Republican commission candidates quarrel over school bond

Richard Linville, Dave Plyler, Gloria Whisenhunt and Bill Whiteheart (l-r)

Republican candidates for Forsyth County Commission tussled over a proposed school bond and the county’s debt limit during a candidate forum on Thursday evening.

The four Republicans on the seven-member board are currently split between two conservatives — Richard Linville and Gloria Whisenhunt — and two moderates — Chairman Dave Plyler and Don Martin, who often vote with the board’s three Democrats, creating an effective governing majority.

Linville, Whisenhunt and Plyler are up for reelection in suburban-rural District B. Fellow Republican Bill Whiteheart, who lost the at-large seat in 2014 to Democrat Ted Kaplan, is also running in District B this year. With four candidates running for three positions in the multi-seat district, one of them will necessarily be eliminated in the March 15 primary.

One of the Republican candidates is definitely not considered a team player, said Whiteheart during the forum, which was hosted by the Winston-Salem Journal and Winston-Salem Chamber of Commerce at the Center for Design Innovation.

“I would equate it to ballplayers that have played in the same stadium together,” Whiteheart said. “Bill Whiteheart, Richard Linville and Gloria Whisenhunt have played on the same team, and they have worn the red Republican jersey, while Dave Plyler has played for the other team and worn the blue jersey.”

Plyler, along with Martin and the board’s three Democrats voted to raise the county’s debt ceiling from 15 to 18 percent and lower the amount it is required to keep in the fund balance, while Linville and Whisenhunt opposed the changes.

“I think the most pressing issue or concern for me is the restoration of the 15-percent limit for debt,” Whiteheart said.

For his part, Plyler didn’t shrink from championing investment in school construction when asked to name his top priority as a commissioner. He said he hopes the commission will allow voters to consider a school bond of $325 million, at minimum. The chairman cited the advocacy of teachers, students and administrators from Konnoak Middle School, who said their requests for funding have been ignored by the county for 15 years.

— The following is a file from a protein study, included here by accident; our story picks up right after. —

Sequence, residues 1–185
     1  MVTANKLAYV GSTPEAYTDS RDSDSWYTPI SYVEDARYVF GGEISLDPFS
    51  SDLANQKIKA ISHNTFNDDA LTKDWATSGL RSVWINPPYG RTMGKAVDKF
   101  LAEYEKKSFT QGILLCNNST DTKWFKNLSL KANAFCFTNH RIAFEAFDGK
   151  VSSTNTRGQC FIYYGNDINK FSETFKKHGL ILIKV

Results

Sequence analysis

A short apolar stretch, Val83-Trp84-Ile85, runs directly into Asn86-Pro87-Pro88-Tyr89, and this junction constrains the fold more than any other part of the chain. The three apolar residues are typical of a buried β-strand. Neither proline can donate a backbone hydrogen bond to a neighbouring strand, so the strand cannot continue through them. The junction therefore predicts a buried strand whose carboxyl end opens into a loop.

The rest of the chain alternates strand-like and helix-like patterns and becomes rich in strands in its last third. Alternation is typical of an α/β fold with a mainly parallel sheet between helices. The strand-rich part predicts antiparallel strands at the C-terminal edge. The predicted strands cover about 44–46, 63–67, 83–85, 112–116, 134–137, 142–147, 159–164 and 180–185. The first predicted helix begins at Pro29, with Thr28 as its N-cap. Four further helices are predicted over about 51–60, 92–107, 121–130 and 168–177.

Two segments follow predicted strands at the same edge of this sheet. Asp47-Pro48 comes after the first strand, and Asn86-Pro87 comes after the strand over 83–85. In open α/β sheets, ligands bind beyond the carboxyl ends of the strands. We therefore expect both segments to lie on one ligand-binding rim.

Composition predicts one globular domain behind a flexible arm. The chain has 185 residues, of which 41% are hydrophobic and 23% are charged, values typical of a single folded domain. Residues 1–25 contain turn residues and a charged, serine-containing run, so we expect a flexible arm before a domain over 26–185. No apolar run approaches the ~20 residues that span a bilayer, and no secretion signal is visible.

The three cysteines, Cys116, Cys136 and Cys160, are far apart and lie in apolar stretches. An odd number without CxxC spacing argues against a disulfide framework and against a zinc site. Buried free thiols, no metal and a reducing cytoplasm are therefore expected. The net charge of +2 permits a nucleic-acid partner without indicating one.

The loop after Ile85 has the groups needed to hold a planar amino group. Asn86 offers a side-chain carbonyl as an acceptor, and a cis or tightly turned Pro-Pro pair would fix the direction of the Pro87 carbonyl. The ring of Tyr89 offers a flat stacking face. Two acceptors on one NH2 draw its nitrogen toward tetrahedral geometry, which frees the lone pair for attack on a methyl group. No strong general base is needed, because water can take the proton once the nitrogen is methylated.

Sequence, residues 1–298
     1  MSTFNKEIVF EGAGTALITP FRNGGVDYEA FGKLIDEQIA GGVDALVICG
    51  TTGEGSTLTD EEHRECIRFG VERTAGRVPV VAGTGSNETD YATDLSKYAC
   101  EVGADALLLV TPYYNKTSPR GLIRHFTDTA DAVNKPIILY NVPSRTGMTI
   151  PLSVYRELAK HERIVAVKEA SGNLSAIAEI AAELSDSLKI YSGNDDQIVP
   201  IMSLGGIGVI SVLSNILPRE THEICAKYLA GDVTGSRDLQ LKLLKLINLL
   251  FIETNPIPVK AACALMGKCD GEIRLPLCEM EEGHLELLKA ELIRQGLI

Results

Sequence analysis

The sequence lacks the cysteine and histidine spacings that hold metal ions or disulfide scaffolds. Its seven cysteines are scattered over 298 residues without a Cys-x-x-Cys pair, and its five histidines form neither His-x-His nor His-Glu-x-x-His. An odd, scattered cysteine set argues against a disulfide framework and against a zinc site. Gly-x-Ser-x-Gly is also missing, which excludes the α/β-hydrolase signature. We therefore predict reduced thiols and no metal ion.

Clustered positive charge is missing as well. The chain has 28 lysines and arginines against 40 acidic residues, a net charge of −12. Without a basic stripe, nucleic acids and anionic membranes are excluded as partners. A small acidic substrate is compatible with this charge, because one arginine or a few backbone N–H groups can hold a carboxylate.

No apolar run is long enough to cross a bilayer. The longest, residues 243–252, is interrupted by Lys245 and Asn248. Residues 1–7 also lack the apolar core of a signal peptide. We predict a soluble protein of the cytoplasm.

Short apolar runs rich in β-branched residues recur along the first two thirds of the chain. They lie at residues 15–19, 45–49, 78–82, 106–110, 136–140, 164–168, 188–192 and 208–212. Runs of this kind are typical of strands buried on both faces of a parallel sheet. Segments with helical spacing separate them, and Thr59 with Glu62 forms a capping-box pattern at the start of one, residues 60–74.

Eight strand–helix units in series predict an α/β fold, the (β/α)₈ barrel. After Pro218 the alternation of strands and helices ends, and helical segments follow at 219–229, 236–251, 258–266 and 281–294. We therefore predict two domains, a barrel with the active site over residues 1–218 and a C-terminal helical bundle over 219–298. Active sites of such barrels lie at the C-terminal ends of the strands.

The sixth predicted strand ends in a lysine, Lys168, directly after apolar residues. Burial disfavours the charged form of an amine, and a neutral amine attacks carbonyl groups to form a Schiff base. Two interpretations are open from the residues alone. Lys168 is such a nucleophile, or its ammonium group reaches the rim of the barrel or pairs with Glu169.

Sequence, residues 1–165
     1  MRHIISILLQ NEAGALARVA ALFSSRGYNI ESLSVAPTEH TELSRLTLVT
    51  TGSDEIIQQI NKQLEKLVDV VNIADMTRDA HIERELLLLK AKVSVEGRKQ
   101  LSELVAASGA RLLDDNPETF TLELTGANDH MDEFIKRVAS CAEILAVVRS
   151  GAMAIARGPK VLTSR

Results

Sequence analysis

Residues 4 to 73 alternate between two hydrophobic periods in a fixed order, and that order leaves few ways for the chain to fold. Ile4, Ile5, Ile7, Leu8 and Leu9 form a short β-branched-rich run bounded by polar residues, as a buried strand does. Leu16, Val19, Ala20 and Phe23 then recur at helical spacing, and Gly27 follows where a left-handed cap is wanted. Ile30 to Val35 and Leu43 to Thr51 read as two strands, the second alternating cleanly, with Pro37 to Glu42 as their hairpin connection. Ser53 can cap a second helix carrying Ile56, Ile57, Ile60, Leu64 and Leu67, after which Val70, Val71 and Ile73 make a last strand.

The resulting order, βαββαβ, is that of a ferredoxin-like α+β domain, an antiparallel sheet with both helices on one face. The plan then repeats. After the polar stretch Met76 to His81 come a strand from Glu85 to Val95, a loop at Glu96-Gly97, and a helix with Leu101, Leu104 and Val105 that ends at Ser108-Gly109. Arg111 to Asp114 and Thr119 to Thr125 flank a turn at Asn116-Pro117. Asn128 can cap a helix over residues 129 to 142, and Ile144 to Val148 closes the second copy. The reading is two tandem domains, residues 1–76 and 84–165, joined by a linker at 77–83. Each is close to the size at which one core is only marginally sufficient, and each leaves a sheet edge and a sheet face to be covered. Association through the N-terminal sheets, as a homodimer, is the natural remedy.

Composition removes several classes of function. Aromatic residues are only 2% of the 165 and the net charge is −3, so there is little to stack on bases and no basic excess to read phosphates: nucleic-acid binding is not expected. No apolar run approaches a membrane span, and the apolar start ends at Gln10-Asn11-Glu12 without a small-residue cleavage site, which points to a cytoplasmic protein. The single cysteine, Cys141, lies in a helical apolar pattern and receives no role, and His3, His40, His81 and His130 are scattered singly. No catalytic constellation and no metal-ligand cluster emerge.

“The school now is in serious bad shape,” Plyler said. “If we continue this type of funding of our school system, I’m afraid we’re going to have severe problems.”

Linville and Whisenhunt said investment in the schools will have to be balanced against other needs, such as parks and courthouse maintenance.

“I think we’re gonna have to set priorities of what we’re gonna do,” Linville said. “I honestly don’t think we can do all those things at one time. Schools — I’ll try to support as much of that as I can. I think we’re gonna have to try to space out the bonds. If we try to do it all at one time, the tax-rate increase that it would take to do that is significant, really significant.”

Commissioners will hear a presentation from Chief Financial Officer Paul Fulton on the county’s options for floating a bond to pay for school construction and other needs.

“Some of us already know that it don’t look good as far as how we’re gonna be able to — we know how to finance it, but how much to do at one time, I think we’re just gonna have to set our priorities,” Linville said.

Whisenhunt also cautioned against high expectations.

“Even though the economy has improved, I do not believe that it has improved enough that we can fulfill all of these promises that have been made and do all the things that have been promised in these bonds,” she said. “I do believe our first concern has to be with the taxpayer and how much they can absorb. And even though they may be coming out from under the economic downfall, a lot of them are not back on their feet. So for me the concern is to have a balance with the taxpayer and the bonds.”